Dolly, the most famous sheep since Mary’s little lamb, was euthanized on Feb. 14 to prevent further suffering after she acquired a severe lung infection. The sheep, which was 6 years old, was the first mammal to be cloned from the DNA of an adult, and its birth set the stage for the current furor over human cloning (SN: 4/5/97, p. 214: http://www.sciencenews.org/sn_arc97/4_5_97/bob1.htm; 10/20/01, p. 250: Dolly Was Lucky).
For most of her life, Dolly was as healthy as a typical sheep, although many other mammalian clones have had severe, if not fatal, physical defects. While there was speculation that Dolly was aging prematurely because the tips of her chromosomes appeared shorter than normal for a sheep her age, her creators at the Roslin Institute in Edinburgh say there is no definitive evidence of such a problem.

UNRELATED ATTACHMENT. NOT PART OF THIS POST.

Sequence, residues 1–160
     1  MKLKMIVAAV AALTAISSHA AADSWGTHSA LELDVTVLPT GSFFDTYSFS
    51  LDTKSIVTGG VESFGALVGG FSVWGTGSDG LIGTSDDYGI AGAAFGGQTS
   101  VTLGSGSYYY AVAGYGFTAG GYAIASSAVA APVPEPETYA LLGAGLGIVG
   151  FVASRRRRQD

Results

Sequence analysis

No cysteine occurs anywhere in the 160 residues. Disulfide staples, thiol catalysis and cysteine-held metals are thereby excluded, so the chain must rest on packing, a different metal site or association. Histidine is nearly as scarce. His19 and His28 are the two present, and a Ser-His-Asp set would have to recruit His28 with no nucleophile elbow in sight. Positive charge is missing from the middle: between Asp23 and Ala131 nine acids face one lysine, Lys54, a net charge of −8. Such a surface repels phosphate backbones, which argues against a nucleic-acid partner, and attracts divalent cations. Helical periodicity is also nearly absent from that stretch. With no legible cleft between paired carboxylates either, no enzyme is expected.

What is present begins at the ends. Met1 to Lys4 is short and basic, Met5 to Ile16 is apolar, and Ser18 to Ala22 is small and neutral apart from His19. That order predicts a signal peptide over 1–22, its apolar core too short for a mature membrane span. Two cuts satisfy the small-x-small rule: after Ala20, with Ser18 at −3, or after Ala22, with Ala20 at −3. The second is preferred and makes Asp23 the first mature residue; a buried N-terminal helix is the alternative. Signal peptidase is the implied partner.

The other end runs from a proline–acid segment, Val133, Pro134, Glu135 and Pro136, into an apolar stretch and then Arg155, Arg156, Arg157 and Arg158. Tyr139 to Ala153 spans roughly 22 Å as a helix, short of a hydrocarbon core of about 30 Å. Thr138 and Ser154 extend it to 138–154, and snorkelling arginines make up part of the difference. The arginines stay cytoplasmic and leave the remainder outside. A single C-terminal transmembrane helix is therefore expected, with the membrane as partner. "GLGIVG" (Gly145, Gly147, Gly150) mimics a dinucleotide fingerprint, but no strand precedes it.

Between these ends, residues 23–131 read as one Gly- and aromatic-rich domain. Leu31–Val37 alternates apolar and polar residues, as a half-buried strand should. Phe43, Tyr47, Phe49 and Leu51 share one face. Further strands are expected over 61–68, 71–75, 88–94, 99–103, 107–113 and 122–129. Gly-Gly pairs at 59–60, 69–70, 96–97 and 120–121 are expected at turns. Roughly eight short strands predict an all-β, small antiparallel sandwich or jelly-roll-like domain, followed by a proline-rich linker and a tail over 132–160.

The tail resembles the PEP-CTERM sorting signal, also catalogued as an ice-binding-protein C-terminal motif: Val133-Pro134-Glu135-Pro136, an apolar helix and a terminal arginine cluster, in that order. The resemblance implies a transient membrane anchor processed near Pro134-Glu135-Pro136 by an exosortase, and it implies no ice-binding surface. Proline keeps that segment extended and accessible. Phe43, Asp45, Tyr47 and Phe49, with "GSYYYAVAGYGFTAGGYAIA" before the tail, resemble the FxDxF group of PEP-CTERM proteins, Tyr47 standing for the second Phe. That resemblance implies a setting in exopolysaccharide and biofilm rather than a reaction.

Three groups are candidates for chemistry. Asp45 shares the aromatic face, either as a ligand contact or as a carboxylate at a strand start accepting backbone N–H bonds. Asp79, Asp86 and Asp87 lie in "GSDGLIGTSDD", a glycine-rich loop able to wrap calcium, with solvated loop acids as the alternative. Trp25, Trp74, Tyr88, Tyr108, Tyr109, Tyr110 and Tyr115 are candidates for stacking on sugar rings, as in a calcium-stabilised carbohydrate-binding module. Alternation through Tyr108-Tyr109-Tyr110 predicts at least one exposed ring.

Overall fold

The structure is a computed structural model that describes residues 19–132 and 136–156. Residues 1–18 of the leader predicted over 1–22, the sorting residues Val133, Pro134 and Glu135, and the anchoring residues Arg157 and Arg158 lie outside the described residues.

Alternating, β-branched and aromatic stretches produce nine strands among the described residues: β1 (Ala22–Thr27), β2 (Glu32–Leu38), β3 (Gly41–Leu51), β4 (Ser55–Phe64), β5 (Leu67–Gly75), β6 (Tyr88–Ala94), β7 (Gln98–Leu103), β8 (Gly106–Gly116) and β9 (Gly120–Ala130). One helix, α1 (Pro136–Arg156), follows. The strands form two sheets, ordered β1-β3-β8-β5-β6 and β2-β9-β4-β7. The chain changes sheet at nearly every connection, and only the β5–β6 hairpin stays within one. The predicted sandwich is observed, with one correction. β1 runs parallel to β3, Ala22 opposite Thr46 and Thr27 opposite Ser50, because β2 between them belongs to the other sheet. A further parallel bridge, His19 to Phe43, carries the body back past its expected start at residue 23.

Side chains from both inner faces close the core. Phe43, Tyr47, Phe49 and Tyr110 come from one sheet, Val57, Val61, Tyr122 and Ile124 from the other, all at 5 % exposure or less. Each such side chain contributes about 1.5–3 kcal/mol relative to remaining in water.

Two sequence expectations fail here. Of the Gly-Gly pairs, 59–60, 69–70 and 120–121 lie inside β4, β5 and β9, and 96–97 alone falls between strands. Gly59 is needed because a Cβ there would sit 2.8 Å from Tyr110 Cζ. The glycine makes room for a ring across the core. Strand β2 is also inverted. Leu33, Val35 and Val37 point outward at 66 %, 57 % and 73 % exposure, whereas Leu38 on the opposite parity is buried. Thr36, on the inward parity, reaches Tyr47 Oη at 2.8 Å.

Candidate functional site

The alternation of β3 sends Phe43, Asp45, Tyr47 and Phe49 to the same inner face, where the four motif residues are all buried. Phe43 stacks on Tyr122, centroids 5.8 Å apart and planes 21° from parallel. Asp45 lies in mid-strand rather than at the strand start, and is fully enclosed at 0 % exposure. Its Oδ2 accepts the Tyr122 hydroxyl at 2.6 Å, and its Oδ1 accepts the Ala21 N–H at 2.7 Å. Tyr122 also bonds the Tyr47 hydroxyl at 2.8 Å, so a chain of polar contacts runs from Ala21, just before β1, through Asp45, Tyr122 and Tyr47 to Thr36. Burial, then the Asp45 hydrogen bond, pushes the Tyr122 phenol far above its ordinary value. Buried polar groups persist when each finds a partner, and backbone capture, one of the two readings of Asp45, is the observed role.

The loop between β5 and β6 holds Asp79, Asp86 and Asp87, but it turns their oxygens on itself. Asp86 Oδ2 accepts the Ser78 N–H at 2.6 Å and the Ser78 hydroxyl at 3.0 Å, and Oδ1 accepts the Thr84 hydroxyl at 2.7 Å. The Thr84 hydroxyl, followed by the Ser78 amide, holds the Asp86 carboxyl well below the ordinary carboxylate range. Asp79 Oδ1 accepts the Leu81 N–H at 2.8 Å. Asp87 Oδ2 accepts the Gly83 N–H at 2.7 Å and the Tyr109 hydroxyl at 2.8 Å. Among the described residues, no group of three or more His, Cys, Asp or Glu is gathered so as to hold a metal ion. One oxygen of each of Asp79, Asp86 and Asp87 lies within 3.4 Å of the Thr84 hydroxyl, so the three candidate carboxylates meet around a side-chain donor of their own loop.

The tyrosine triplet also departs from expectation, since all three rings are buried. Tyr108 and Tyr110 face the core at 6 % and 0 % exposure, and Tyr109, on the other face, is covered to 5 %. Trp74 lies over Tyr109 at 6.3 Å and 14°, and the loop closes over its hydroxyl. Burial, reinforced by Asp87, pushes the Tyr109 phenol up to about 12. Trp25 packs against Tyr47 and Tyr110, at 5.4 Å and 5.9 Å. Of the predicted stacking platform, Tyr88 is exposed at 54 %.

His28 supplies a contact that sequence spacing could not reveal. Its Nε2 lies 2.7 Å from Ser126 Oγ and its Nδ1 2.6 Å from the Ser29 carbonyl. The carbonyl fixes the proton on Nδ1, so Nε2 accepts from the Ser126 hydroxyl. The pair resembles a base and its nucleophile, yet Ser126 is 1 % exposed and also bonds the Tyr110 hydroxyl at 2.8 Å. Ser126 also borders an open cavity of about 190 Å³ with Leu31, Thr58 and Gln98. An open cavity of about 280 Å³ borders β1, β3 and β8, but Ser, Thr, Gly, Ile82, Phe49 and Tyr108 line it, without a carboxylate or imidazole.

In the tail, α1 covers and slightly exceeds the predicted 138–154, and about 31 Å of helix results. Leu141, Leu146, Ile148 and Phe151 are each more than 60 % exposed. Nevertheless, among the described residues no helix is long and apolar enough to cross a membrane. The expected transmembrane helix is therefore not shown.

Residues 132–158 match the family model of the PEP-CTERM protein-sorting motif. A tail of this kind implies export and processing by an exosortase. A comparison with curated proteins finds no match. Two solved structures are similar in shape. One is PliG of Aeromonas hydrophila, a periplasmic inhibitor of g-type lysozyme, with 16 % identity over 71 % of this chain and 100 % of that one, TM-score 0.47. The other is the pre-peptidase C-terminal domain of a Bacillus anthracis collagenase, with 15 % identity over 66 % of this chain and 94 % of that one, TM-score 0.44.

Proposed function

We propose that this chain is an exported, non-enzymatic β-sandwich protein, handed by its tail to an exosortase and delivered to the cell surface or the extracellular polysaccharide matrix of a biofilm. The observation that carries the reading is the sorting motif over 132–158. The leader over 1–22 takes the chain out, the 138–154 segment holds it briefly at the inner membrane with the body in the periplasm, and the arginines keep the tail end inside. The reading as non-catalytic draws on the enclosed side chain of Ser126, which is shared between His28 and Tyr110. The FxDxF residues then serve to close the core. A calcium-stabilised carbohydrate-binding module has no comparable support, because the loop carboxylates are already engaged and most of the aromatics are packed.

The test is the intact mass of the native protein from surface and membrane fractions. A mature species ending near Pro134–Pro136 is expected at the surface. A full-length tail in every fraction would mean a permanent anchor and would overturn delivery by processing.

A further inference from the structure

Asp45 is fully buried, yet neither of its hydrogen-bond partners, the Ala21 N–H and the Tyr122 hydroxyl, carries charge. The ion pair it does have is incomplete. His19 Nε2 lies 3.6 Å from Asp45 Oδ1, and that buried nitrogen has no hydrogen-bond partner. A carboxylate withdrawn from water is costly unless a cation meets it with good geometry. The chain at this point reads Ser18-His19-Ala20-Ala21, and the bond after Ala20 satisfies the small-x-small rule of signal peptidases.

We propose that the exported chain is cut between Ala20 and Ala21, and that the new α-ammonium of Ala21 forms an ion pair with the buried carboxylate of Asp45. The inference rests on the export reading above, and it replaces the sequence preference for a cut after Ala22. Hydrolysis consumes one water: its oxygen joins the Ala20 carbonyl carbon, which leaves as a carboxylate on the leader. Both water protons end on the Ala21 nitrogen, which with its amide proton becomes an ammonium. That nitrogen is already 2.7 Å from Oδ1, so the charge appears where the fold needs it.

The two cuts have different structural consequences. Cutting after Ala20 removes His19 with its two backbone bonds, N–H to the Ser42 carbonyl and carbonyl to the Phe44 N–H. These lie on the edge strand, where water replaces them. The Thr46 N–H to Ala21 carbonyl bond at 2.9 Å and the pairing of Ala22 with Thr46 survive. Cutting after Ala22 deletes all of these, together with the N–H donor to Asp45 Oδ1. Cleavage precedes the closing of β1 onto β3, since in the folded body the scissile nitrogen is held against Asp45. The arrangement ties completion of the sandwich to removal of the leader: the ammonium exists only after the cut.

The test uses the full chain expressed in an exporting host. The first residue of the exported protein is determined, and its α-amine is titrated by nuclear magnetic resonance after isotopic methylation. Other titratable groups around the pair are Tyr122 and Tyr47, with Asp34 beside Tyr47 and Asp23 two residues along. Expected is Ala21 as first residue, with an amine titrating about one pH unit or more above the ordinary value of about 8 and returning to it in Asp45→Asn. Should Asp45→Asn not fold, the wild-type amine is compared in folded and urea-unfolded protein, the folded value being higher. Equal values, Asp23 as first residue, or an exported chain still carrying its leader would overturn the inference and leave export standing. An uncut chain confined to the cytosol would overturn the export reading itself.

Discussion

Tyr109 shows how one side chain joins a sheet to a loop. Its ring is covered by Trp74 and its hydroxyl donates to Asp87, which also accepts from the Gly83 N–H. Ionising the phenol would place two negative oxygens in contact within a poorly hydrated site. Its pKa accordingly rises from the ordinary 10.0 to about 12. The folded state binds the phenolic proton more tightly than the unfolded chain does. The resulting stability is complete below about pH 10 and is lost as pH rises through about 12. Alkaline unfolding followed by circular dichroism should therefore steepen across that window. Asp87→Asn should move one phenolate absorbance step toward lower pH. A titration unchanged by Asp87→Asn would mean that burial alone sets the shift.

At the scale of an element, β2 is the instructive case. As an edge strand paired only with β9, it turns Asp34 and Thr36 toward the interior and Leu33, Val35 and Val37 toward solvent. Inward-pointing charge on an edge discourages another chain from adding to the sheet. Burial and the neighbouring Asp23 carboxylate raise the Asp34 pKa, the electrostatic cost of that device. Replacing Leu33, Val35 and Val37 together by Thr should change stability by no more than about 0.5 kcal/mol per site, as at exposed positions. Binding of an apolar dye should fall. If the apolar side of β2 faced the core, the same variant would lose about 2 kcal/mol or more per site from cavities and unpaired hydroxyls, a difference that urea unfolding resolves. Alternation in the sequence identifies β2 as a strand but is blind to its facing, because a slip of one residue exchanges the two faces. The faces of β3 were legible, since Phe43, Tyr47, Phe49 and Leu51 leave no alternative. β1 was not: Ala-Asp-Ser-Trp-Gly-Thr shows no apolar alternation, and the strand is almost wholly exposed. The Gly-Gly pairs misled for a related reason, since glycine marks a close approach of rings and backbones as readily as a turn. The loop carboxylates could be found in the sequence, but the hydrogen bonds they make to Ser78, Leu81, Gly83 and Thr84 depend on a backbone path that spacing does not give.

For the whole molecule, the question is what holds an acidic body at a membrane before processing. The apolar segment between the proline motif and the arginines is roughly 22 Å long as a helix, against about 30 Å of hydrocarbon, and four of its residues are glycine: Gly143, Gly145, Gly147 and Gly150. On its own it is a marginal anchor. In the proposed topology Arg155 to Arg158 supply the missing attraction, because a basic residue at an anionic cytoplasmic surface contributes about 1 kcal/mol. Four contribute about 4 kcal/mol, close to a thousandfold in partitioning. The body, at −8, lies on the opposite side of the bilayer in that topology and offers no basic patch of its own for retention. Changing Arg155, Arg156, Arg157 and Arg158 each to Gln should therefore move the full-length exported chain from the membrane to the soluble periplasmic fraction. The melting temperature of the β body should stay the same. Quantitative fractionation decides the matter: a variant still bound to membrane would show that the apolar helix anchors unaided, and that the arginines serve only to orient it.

Domestic sheep can live up to a dozen years, but it’s not unusual for sheep kept in stalls to contract infections and die young, according to the Roslin Institute researchers. Nonetheless, they will do a full autopsy of the animal. At the moment, there are no plans to clone Dolly.
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